For several years now, water jurisdictions across the country have mandated reduced pressure zone valves, replacing the previously conventional double check assembly. RPZs today are the go-to solution in backflow preventers.
As a result, this paradigm shift has led many to look for insulated backflow covers and enclosures. Design engineers and water authorities alike are seeking the best answer to the question: What prevents a RPZ backflow preventer from freezing?
Let’s look at the two features any insulated backflow cover should have, the proper type and amount of insulation and appropriate ways to keep equipment within a cover heated during the winter.
Insulation: Modular Design Is the Way to Go
A quality backflow enclosure will have polyisocyanurate insulation, cut to the exact dimensions of each wall and roof panel. The wall panels should have R9 insulation, while the roof should have R18. Much like our homes need to have R30 in the ceiling, R18 in an enclosure reduces heat loss and lowers overall energy consumption.
Insulation should at least be mechanically fastened within each panel with retainers, which means it will stay intact and in place during shipment, installation and over the enclosure’s useful life. Take a look at this short video to see how our insulation is installed within a Safe-T-Cover panel.
Some backflow enclosure makers insulate their enclosures with spray foam, which can crack, break, deteriorate or detach from the enclosure’s walls. These manufacturers also tend to have a difficult time evenly distributing the foam application. On the other hand, with insulated panels, you have maximum, around-the-clock freeze protection. See the difference for yourself.
The R-value for polyisocyanurate insulation is the highest for rigid-board insulation, averaging 6.5 per inch. Plus, you’re eliminating the risk of air leaks or inconsistent or under-insulated areas.
When you are evaluating a backflow enclosure, make sure it has R18 in the roof and uses rigid insulation panels and not sprayed-on insulation.
How About the Heat?
What good is insulation if you don’t have heat? A heater should be specified if temperatures in your region ever fall below 32 degrees for more than two days.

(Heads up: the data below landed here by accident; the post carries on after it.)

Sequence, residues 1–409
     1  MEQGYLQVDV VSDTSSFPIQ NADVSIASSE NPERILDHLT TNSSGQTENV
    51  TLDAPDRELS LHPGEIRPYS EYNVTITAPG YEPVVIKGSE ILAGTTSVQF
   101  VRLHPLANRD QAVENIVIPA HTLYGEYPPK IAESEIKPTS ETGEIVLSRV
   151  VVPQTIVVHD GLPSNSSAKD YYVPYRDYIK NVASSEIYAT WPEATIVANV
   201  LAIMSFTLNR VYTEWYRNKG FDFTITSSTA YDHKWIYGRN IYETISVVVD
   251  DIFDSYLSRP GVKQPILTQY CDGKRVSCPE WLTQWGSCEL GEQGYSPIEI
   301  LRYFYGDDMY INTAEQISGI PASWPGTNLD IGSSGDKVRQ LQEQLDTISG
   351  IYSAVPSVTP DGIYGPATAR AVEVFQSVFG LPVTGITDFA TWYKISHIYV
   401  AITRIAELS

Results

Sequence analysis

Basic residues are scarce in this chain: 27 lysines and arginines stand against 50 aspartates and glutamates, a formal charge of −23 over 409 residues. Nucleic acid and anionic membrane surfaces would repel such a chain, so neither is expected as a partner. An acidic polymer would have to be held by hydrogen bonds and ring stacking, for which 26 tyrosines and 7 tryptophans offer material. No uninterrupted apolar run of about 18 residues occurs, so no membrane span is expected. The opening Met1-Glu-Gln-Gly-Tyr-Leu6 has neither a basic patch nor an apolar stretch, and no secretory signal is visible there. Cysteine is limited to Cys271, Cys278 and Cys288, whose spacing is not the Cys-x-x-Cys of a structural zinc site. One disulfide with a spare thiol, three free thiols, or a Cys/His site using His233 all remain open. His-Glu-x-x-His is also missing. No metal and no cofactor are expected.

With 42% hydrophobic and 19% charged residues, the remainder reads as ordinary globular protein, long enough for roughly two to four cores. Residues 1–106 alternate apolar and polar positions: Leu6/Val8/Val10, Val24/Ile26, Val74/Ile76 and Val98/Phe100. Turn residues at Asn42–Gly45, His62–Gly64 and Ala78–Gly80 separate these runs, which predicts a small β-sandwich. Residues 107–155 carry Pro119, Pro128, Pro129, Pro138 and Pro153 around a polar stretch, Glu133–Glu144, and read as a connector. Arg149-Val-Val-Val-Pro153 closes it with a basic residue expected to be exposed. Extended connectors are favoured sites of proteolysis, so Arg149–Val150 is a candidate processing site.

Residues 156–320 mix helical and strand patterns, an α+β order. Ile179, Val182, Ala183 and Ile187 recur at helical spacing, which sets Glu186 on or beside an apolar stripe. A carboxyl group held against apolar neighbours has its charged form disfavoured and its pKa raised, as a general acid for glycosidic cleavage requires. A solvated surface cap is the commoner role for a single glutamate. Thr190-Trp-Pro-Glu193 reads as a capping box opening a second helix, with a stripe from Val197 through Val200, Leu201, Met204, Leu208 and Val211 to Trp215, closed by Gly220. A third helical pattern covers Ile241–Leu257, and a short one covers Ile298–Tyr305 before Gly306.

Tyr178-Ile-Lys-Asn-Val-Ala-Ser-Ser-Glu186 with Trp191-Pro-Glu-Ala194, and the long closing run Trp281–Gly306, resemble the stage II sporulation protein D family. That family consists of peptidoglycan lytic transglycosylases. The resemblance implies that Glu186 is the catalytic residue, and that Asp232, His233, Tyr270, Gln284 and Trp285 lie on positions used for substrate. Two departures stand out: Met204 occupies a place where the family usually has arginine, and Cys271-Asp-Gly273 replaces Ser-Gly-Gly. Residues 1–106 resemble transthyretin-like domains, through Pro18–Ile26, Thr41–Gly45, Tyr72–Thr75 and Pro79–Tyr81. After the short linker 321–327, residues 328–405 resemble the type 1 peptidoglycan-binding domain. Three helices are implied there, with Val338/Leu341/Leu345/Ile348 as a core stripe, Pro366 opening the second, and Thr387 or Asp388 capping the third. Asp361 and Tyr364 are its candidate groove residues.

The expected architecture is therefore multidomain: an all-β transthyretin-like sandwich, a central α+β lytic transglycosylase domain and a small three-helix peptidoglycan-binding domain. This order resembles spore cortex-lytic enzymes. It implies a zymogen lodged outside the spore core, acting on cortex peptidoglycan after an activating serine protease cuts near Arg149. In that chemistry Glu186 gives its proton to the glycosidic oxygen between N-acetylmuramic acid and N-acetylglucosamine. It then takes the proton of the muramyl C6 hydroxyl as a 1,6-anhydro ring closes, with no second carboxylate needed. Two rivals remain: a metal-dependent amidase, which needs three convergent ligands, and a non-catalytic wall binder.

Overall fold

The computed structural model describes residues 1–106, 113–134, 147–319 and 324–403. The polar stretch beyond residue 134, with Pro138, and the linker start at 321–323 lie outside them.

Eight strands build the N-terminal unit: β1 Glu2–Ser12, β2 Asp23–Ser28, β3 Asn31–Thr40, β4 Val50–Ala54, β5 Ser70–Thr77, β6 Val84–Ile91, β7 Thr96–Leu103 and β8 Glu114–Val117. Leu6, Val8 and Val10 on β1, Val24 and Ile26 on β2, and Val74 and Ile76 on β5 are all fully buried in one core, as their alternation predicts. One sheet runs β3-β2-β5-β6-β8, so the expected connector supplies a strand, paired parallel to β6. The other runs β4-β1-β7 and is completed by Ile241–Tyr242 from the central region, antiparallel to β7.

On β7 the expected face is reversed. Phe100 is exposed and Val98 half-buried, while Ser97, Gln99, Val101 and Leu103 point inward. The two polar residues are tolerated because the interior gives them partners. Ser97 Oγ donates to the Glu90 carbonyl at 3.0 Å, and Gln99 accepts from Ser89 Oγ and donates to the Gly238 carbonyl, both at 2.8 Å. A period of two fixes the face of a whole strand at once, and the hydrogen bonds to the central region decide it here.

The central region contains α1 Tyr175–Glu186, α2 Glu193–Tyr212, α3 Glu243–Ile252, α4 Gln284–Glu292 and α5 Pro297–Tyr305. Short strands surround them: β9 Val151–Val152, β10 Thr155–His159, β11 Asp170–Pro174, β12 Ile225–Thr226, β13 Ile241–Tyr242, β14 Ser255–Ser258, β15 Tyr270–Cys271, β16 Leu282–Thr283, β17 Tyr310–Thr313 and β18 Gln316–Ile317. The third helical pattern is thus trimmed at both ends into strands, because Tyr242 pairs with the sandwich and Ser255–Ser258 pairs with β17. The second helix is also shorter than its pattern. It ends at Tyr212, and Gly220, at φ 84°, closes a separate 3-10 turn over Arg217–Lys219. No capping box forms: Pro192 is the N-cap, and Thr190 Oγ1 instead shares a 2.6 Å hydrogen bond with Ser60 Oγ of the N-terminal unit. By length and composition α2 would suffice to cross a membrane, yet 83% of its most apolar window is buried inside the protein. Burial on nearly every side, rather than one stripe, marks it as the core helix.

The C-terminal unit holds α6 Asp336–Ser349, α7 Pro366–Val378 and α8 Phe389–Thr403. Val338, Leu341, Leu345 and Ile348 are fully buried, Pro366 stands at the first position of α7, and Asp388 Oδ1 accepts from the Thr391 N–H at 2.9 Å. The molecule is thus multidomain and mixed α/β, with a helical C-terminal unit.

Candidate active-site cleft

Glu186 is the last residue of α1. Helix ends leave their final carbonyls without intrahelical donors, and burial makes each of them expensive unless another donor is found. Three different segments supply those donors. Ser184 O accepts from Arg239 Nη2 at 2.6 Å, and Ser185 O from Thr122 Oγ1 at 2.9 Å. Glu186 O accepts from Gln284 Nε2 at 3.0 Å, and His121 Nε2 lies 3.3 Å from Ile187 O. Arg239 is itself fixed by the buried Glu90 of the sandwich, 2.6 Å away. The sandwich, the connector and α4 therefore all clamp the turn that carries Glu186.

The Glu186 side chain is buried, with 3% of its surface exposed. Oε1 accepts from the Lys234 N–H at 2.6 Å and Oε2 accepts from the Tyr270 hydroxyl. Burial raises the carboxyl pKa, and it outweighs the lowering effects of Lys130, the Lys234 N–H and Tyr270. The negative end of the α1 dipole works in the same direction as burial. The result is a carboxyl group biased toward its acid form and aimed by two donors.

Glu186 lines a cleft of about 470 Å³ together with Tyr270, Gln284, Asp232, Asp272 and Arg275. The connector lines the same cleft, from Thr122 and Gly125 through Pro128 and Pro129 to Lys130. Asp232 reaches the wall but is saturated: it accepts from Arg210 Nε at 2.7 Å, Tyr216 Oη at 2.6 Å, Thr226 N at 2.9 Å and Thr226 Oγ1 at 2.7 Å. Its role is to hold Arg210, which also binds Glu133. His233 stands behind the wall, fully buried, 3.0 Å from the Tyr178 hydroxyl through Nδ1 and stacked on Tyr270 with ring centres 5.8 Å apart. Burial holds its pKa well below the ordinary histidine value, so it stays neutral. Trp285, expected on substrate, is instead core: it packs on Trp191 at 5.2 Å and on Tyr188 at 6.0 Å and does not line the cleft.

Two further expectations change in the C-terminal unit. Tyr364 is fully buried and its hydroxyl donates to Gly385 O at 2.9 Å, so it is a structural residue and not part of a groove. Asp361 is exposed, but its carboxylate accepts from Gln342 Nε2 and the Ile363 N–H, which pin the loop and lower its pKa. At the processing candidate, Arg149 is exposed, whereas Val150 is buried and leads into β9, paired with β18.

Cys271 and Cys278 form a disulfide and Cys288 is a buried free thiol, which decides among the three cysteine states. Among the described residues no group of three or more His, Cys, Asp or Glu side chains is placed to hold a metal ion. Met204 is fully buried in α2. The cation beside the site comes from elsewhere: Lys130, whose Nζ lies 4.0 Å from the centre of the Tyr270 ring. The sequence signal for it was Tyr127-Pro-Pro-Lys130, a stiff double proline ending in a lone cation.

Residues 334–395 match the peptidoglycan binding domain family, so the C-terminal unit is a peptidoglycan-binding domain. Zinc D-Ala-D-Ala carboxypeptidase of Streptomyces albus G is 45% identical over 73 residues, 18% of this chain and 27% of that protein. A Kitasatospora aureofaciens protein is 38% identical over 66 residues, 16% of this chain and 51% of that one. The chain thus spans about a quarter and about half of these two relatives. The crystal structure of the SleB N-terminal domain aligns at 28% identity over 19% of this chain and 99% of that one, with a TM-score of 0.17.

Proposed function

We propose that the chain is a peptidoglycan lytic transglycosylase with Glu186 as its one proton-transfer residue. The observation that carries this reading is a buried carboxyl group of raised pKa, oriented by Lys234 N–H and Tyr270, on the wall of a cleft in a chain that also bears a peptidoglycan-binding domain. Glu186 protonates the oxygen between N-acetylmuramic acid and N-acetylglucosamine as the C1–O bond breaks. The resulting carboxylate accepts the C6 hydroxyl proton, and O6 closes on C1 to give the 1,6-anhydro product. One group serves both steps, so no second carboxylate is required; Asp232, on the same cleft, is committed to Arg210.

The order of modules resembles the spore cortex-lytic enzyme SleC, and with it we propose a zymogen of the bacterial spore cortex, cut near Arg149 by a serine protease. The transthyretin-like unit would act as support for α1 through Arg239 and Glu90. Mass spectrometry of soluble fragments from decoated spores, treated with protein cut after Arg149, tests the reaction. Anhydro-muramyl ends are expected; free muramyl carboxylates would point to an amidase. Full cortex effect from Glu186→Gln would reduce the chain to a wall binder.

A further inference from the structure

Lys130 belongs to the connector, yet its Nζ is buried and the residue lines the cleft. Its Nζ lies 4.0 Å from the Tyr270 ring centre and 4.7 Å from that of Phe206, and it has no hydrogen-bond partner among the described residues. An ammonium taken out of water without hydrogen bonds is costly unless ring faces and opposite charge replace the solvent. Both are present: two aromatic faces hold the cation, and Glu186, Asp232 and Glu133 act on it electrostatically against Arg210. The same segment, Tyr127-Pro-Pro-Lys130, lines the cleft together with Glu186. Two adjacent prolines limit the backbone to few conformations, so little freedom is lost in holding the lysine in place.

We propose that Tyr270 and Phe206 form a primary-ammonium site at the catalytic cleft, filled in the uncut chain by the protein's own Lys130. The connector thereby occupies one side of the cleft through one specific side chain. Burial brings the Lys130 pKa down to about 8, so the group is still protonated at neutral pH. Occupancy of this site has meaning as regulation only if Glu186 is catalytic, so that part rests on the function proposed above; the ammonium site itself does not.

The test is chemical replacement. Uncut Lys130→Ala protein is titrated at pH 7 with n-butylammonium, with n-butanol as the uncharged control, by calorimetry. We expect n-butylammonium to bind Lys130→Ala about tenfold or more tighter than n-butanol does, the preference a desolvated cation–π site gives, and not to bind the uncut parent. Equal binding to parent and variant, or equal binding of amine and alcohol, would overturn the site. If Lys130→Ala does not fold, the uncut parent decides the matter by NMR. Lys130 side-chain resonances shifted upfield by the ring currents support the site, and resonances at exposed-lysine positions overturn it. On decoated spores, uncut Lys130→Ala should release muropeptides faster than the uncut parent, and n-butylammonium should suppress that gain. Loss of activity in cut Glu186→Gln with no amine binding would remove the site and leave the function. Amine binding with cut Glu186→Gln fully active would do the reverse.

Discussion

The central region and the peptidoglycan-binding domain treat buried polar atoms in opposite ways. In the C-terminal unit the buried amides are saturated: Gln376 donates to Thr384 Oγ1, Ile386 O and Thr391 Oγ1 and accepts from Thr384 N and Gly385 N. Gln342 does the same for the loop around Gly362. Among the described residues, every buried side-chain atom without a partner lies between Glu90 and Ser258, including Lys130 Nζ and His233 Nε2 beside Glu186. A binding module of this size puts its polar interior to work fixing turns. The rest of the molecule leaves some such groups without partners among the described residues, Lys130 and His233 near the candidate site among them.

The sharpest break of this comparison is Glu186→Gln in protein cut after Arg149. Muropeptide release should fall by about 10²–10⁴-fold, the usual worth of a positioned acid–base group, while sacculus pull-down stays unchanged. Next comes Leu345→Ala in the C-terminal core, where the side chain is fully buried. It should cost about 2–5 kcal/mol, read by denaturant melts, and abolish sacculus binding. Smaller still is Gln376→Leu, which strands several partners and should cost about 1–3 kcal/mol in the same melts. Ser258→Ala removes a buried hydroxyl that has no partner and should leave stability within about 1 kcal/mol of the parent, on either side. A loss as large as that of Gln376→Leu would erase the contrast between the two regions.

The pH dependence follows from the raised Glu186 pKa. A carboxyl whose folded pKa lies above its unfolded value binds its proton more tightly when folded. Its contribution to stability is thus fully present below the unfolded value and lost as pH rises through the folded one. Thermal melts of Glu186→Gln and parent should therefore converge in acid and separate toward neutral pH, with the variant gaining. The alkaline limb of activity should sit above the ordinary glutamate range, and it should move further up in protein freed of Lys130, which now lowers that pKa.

The decision to install heat is often a pay-me-now-or-pay-me-later proposition. Weather patterns have been crazier than ever in recent years. If a cold snap occurs and the backflow preventer enclosure does not have heat, the RPZ will freeze and you’ll be left with a costly repair bill. We’re letting alone the fact that the water must be shut off while any repairs are made. Any building occupants in this situation will not be happy, or production may be shut down, leading to lost revenue and production. We've seen this happen time and again.
Two types of heaters are available: slab-mounted and wall-mounted heaters. When it comes to backflow preventer assemblies, a slab-mounted heater is your best option—especially if the enclosure roof is insulated.
A slab-mounted heater, as the name suggests, is installed on the floor of the backflow enclosure. It not only provides heat to the RPZ, but it warms riser pipes up to 16 inches beneath the slab as well. Safe-T-Cover’s patented slab-mounted heaters meet all ASSE 1060 requirements. They’ll maintain an interior temperature of 40℉— even with an outside temperature as low as -30℉.
Here’s an image of a slab-mounted heater installation. You can see it’s anchored into the concrete, so it will never move out of place. These heaters can produce as much as 2000 watts and are available in 120V or 240V. You can even outfit the enclosure with power and temperature failure alarms as a precaution.
The heater offered by most backflow enclosure manufacturers is wall-mounted. If your wall heater is not UL 2021 rated, it must be installed high enough – a minimum of 12 inches – on the wall to avoid contact with water coming from the RPZ. slab-mounted heaters, on the other hand, are UL 2021 certified for wet/damp conditions. This is necessary for any non-watertight enclosure.
A wall-mounted heater guarantees the top of your enclosure will stay warm, but that's not as important as keeping the RPZ itself thawed. Think about it: as a basic scientific principle, heat rises. Since a wall-mounted heater is above the slab, the lower half of the enclosure will not experience maximum freeze protection. A wall-mounted heater will struggle to maintain correct temperature for riser pipes and the backflow preventer itself. Watch this short video and see the difference for yourself.
Much goes into keeping an RPZ safely operational and warm all winter long. An insulated backflow enclosure provides the peace of mind of knowing you have the freeze protection you need (plus a secure locking mechanism for vandal protection). You’ll also eliminate the risk of flooding in your building and the danger of potential cross-connection. Quality insulation is a critical component to ensuring your heat is being contained and evenly distributed throughout your enclosure.
If you’re installing a backflow preventer above ground and outdoors, make sure it’s surrounded by the best enclosure with the best insulation money can buy. Contact us today if you’d like to discuss our approach to insulation or enclosure design.